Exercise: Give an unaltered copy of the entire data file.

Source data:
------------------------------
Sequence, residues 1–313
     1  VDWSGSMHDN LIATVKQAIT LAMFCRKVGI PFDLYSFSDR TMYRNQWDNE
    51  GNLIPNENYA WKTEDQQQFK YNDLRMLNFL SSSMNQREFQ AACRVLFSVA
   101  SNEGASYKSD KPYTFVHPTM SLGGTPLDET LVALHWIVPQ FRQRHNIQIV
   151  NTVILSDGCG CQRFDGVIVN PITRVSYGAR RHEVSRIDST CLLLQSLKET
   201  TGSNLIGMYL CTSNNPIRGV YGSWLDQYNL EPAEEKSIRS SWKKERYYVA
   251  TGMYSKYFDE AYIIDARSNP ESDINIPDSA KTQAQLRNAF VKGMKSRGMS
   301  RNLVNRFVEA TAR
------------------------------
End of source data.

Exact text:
Sequence, residues 1–313
     1  VDWSGSMHDN LIATVKQAIT LAMFCRKVGI PFDLYSFSDR TMYRNQWDNE
    51  GNLIPNENYA WKTEDQQQFK YNDLRMLNFL SSSMNQREFQ AACRVLFSVA
   101  SNEGASYKSD KPYTFVHPTM SLGGTPLDET LVALHWIVPQ FRQRHNIQIV
   151  NTVILSDGCG CQRFDGVIVN PITRVSYGAR RHEVSRIDST CLLLQSLKET
   201  TGSNLIGMYL CTSNNPIRGV YGSWLDQYNL EPAEEKSIRS SWKKERYYVA
   251  TGMYSKYFDE AYIIDARSNP ESDINIPDSA KTQAQLRNAF VKGMKSRGMS
   301  RNLVNRFVEA TAR